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Peter was born on March 10, 1859, in Kolding, Sjalland, Denmark, and was confirmed in 1873. He emigrated to Canada in 1881, coming to the Scandinavia area in the Rural Municipality of Clanwilliam.

Peter and another man decided to venture further west of Otter Lake, so they went across Otter Lake to see what the land would be like. It was rough going, they lost their way and it got dark. They built a fire on top of a high hill and sat through a snowstorm. Next morning they thought they could see Otter Lake so they decided to go back to Scandinavia. In the spring Peter made this trip again and he saw the long grass amongst the trees and decided this was land for him. He applied for a homestead on S.E. 32- 17-18W on March 5,1886.

He broke one acre, scrubbed and cleared fifteen acres, had three head of cattle, built himself a log house and a stable. He had made the necessary improvements so he received the patent on October 17, 1891. He worked in sawmills, also made his own limestone from stones picked on his own land.

Peter became a Canadian citizen and in 1893 made a trip to his homeland, Denmark.

The south part of Erickson was built on his farm. In 1905 he sold three acres to the railroad and gave five acres for a school site. He also gave land for the Erickson Municipal Cemetery.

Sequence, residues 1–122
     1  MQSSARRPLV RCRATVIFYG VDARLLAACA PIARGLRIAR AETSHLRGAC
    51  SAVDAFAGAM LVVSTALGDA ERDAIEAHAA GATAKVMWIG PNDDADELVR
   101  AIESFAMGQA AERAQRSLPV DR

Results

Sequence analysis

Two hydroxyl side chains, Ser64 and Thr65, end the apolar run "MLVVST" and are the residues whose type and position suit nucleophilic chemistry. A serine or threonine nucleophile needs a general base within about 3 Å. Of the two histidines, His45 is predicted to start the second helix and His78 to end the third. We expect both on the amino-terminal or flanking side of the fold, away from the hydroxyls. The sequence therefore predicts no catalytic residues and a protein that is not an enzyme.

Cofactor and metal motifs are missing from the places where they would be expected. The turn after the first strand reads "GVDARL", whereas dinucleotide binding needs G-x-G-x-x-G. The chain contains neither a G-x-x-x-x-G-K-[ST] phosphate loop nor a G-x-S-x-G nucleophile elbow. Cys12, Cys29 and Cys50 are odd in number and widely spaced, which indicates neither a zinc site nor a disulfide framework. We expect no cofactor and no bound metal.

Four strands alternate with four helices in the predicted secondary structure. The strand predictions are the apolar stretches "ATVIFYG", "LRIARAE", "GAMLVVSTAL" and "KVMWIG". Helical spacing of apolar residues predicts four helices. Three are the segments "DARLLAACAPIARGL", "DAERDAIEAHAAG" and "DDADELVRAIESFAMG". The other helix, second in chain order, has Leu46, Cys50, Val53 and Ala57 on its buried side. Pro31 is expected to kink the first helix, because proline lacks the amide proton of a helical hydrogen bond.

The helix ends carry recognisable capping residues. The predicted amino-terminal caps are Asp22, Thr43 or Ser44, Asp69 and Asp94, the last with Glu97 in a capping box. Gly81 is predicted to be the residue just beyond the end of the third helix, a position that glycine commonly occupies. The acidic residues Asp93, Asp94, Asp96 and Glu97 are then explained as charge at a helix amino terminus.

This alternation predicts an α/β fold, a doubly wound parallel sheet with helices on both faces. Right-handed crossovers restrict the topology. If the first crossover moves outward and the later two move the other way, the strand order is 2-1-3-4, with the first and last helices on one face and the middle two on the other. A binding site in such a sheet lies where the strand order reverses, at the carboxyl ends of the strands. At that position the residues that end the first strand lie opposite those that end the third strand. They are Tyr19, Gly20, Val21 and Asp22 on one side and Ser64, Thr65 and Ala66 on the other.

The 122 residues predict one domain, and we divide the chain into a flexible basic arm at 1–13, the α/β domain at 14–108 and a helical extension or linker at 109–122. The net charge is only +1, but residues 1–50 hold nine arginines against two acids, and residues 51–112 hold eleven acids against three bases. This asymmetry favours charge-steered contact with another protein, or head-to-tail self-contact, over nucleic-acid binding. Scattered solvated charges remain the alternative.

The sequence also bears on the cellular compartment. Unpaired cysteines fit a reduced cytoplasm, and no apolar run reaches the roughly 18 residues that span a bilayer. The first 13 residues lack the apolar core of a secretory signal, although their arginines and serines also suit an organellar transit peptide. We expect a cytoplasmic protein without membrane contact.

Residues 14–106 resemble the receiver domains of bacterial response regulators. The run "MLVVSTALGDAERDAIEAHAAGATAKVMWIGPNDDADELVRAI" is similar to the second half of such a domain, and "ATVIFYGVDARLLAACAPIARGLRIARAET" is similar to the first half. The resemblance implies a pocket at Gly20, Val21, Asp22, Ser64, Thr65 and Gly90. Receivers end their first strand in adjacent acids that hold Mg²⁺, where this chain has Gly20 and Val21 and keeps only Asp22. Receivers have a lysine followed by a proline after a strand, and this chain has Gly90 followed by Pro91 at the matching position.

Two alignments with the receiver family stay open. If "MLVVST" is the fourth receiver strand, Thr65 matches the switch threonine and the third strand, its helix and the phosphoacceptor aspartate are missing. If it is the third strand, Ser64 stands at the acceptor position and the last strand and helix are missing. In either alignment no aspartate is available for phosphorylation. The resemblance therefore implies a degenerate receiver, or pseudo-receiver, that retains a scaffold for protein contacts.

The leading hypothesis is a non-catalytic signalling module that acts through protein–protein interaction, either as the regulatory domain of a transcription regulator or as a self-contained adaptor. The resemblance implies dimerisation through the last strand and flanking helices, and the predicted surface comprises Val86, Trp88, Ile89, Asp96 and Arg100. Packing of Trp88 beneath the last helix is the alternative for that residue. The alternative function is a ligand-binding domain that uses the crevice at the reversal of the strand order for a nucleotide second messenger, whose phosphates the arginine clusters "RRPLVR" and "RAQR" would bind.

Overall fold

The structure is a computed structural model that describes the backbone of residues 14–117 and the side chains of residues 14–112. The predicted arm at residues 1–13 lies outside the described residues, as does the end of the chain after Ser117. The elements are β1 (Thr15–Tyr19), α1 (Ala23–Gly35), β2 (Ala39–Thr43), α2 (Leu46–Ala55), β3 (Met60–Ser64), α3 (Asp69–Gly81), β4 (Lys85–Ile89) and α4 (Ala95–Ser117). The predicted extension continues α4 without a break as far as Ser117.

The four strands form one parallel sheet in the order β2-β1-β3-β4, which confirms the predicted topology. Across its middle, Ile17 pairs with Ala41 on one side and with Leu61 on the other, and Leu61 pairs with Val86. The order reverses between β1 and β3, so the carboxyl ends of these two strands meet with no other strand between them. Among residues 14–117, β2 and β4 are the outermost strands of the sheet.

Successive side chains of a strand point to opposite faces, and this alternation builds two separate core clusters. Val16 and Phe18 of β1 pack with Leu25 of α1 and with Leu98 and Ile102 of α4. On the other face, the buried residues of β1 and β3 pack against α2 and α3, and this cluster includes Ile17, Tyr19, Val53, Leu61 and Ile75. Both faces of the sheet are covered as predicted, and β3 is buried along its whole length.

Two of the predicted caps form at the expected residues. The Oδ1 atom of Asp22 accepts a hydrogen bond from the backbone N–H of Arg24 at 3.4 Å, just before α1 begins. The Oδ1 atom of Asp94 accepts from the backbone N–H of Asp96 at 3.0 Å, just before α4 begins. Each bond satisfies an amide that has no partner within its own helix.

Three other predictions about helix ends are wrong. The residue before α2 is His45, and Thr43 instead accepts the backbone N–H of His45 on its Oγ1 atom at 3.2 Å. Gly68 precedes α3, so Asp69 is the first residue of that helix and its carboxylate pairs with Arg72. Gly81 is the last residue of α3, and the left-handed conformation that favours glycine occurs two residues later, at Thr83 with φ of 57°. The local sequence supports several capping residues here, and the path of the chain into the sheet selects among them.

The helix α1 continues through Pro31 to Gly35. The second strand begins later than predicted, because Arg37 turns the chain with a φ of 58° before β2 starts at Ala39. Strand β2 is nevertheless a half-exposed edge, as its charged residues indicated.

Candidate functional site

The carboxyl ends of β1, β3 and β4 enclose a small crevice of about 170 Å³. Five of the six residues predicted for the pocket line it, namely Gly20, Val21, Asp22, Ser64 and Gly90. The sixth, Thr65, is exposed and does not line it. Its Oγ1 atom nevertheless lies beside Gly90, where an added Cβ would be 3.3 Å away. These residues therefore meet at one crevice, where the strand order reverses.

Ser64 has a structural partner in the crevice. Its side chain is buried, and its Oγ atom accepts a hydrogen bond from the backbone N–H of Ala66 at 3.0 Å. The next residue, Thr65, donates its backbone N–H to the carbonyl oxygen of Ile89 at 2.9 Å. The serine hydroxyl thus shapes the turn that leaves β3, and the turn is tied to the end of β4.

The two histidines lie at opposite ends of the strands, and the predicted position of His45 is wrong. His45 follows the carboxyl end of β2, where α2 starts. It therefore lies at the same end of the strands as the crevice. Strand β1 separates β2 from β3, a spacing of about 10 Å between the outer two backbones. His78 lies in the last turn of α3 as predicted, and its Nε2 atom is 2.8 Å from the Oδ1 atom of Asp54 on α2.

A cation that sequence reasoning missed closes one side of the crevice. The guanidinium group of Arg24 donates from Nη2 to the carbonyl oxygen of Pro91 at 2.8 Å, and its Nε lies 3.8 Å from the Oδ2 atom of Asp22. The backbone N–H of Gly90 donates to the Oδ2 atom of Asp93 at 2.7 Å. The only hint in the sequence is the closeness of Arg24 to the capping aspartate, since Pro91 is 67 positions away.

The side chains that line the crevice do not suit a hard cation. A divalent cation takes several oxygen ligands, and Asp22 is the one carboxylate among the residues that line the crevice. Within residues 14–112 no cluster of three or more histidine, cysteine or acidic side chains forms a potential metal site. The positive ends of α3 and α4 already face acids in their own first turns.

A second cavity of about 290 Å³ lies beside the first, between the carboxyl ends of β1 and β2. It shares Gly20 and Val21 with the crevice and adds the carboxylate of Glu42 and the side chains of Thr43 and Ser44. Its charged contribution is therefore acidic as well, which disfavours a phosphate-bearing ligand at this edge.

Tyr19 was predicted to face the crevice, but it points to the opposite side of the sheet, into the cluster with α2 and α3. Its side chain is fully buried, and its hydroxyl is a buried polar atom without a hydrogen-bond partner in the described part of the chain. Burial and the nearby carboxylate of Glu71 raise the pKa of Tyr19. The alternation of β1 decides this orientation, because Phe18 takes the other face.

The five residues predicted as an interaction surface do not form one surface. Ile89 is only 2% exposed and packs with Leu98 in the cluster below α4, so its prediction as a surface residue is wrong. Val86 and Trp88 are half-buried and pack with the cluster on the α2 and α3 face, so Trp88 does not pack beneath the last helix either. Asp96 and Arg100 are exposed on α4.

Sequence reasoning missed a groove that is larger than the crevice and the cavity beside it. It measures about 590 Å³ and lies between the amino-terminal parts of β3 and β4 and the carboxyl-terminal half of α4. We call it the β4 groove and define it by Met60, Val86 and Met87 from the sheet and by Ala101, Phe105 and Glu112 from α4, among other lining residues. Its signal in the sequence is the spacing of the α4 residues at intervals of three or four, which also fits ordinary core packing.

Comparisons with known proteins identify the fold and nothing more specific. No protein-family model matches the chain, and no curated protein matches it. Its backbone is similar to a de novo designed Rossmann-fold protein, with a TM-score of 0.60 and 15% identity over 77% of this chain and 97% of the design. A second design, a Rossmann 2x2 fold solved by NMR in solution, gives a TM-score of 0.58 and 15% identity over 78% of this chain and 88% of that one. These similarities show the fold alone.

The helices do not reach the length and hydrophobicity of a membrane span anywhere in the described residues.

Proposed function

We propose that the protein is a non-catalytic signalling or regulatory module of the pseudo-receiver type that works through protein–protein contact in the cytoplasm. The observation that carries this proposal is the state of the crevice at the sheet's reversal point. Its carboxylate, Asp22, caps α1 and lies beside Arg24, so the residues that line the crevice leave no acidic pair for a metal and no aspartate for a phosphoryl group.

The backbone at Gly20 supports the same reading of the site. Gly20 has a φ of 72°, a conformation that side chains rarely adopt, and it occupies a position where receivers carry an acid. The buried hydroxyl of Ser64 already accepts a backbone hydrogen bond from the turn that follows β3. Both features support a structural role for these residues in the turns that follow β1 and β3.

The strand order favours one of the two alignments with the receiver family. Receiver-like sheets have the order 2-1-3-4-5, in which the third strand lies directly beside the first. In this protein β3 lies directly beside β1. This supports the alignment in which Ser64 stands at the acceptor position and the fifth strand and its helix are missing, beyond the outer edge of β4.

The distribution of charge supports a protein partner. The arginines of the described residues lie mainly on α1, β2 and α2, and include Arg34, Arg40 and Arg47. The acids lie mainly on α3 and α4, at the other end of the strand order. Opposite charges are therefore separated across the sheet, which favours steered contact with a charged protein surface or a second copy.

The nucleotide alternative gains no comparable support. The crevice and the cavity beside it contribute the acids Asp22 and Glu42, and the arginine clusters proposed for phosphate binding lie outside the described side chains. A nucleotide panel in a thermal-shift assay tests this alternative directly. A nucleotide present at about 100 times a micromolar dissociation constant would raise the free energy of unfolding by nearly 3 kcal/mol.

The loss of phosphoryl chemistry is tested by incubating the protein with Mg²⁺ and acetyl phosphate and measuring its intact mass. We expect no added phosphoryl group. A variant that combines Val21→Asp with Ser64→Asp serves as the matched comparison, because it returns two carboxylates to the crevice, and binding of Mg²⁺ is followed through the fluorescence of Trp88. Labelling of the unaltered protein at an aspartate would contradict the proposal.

Peter was a single man, and his home was a meeting place for many Danish folk coming to this area. Peter passed away on May 1, 1939.

Peter Abel


by daughters Myra and Marlene

Josiah (Joe), the youngest son of John and Mary Allan of Cordova in Odanah R.M., was born on November 11, 1898. Theresa (Tess) was the third daughter of Thomas and Elizabeth Gosh, was born on January 13, 1900. Joe and Tess were married at the Gosh home on March 7, 1923.

Their first home was on a farm at Neville, Saskat­ chewan. It was while they were here that they had four children. Myra born on September 9, 1924, Lane born on September 15, 1924, and the twins, Dean and Dwain born on September 23, 1928.

Joe and Theresa Allan.

Joe managed the hotel at McMahon, Saskatchewan, for a short while. In the spring of 1930, Joe and Tess and three other families struck off to homestead in Northern Saskatchewan. All their possessions were shipped by rail to St. Walburg, Saskatchewan. From there they travelled by covered wagons over trails to their homesteads. While they were here, their place was a stop-over for Mr. Sharp, who hauled freight between St. Walburg and Meadow Lake, Saskatchewan.

Joe then rented a farm in the Loan Lake, Saskat­ chewan area until 1933, when Tess was called home to Cordova to help nurse her father who had suffered a stroke.

In 1935, they moved to the Hilltop district and then to the Norland District. While they lived in these areas, Joe did trucking to provide for his family. When they were at Norland he also worked at the sawmill.

In 1937, Joe was successful in securing a position with the Federal government as a patrolman in Riding Mountain National Park and was stationed at Baldy Lake. As there was just a small shack at Baldy Lake, Joe had to find a house to rent in the farming area west of the